Worst to First : The Films of Wes Anderson

Wes Anderson is auteur in a very unique style of filmmaking. His films are blend of quirky humor and production design that helps tell the story in such a way that almost sometimes feel deadpan and lifeless, but manages to have life. Here are his films from worst to best. 

9. Moonrise Kingdom 

This almost feels like a bad parody of a Wes Anderson movie. Poor leading child actors, a film that felt almost too reliant on style over substance, and a story that never realy helms through from start to finish, instead relying too much on the quirkiness of its characters, drowning in its own self indulgent pretentiousness. 

Best Performance : Edward Norton as Scout Master Ward

 

 

8. Bottle Rocket

Anderson's debut film is least like what his career film style would be, and in some ways, it shows why he decided to change his style. Although the film has some funny moments and The Wilson Brother of Luke and Owen are fun to watch, the story wears thin and it simply isn't that memorable. 

Best Performance: Owen Wilson as Dignan

 

 

7. The Life Aquatic with Steve Zissou

Bill Murray is awesome as the titular protagonist who goes on a sea expedition with his team with the hopes of killing a shark that killed his best friend. Although it certainly has its funny moments, this one becomes a bit more forgettable over time and wears out its welcome after maybe a second view. 

Best Performance: Bill Murray as Steve Zissou

 

6. The Royal Tenenbaums

 

Although often praised as his best work, this was only the beginning of what Anderson could do as a filmmaker. With a cast of big name actors and weird characters put together in a story full of family dysfunction, love, and growth, The Royal Tenenbaums is a touching film with some pretty amazing moments from the all star cast, particularly, Gene Hackman as the lying scheming dad who tries to get back into his family's life. 

Best Performance: Luke Wilson as Richie Tenenbaum

 

 

5. The Darjeeling Limited 

Three brothers go on a trip to find their mother. That's the movie. But what follows is a film about family once lost but found again through the experience of a journey that won't be forgotten. The trio of Wilson, Brody, and Schwartzmann is entertaining to watch as the dysfunction of their relationships with one another is the driving force of the story's humor and heart.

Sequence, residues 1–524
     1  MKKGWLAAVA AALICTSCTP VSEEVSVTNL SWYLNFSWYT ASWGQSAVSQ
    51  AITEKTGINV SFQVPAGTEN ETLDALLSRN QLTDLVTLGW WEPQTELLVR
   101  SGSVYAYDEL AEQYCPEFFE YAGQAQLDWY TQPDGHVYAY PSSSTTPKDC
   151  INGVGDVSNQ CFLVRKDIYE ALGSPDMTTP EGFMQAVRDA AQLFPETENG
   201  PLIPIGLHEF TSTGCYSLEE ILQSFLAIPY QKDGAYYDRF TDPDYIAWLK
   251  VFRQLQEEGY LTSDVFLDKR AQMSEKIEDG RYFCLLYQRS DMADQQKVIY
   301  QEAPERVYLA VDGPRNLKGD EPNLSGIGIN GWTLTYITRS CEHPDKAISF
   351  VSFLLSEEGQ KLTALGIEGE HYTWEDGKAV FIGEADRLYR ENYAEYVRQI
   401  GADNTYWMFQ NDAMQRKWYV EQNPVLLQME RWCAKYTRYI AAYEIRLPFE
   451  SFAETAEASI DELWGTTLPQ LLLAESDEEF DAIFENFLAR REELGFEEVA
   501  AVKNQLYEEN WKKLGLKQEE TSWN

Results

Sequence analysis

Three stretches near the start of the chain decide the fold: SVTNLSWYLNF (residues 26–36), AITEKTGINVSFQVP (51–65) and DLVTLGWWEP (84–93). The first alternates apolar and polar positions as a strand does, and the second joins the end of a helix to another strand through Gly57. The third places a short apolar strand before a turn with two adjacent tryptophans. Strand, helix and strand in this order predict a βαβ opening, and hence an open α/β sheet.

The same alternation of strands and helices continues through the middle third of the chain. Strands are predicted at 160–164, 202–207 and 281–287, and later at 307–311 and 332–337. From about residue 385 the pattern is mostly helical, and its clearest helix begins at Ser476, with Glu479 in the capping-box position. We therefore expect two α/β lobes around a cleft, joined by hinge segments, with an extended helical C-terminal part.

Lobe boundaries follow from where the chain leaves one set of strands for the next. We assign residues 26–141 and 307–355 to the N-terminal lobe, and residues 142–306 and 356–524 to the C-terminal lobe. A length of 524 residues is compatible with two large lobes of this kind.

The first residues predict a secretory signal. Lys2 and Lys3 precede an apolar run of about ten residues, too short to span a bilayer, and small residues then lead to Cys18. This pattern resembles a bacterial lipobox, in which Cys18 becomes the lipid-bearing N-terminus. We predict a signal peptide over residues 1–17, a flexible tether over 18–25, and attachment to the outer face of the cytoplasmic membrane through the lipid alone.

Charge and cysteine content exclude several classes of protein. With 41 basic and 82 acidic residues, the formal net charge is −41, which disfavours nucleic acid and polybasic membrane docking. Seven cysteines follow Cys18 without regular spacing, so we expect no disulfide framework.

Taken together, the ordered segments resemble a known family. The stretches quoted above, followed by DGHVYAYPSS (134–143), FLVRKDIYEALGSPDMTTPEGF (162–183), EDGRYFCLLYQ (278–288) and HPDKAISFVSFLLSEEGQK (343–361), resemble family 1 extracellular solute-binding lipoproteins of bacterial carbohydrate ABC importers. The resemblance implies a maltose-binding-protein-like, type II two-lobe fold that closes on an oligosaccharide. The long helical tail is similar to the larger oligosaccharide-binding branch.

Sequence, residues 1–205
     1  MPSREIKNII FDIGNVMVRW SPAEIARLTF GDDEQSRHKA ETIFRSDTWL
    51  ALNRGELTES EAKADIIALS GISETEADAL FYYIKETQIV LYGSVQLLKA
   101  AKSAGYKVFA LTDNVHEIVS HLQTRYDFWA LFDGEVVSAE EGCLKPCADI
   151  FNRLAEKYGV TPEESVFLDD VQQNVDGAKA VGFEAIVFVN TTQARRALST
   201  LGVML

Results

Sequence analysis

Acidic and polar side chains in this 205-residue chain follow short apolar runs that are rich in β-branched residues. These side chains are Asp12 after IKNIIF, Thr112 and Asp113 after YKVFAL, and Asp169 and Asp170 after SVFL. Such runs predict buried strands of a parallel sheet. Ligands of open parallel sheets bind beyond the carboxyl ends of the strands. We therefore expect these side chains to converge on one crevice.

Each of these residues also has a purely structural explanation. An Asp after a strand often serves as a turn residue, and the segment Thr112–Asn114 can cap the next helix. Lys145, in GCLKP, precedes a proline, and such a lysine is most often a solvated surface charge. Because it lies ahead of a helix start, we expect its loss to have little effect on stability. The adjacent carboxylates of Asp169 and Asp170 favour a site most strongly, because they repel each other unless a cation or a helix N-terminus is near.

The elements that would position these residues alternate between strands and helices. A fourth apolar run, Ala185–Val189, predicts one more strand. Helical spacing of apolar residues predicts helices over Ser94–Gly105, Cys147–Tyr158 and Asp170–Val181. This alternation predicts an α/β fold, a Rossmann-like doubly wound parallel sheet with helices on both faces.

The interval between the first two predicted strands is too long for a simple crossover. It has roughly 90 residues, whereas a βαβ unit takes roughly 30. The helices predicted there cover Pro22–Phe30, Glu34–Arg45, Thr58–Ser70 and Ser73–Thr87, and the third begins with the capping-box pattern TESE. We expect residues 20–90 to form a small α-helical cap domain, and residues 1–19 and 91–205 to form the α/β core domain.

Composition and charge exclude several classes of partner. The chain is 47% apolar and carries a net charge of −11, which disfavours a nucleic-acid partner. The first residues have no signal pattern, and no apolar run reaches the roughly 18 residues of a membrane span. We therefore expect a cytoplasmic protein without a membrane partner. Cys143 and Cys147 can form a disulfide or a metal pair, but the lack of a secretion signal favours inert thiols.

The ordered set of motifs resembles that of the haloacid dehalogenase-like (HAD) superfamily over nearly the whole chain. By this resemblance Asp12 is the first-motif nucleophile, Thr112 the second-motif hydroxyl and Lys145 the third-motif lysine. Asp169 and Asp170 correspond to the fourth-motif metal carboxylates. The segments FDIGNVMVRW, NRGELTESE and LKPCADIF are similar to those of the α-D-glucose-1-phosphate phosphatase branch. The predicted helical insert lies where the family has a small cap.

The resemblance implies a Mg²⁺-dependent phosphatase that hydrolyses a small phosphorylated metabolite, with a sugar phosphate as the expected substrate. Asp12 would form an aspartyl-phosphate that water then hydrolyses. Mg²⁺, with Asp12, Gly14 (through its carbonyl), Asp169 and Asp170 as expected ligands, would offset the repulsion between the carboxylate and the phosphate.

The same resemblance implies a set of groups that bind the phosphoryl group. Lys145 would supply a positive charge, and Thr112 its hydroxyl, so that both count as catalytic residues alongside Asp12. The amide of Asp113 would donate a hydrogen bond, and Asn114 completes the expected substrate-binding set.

Best Performance : Adrien Brody as Peter

 

4. The Grand Budapest Hotel

This is one of Anderson's most complete stories as we follow a story of the end of days for the Grand Budapest Hotel during times of war. In a story where murder, assassins, and espionage take place, Budapest is a wild ride with hilarious performances and a bittersweet and somber finale. A film that is basked with many different thematical elements and one of the most mature works from Anderson. 

Best Performance: Ralph Fiennes as M. Gustave 

 

3. Isle of Dogs

Perhaps this film can climb higher with more views, but there's something so perfect about this gorgeously animated film with heart from Anderson. With homages to the great Akira Kurosawa and a film that is for the most part, amazingly paced with great voice performances, Isle of Dogs is one of the most entertaining animated film you'll ever see. 

Best Voice Performance: Jeff Goldblum as Duke

 

2. Fantastic Mr. Fox

In his first stop-motion animated feature, Anderson takes a children's book and turns it into a gorgeously animated film with tremendous voice acting and humor that is entertaining and enjoyable for both adults and kids. With so many memorable characters and fantastic production design, this film is fantastic from start to finish. 

Best Voice Performance: George Clooney as Mr. Fox

 

1. Rushmore 

Rushmore is, and always will be, Wes Anderson's finest work. The pacing is perfect, the humor is amazing, the drama feels genuine and never forced, and the story of a student vs industrialist over the affections of a teacher is simple yet done so creatively and hilariously. Rushmore is near perfection and you can thank this film as the re-emergence of Bill Murray's career.

Best Performance: Bill Murray as Herman Blume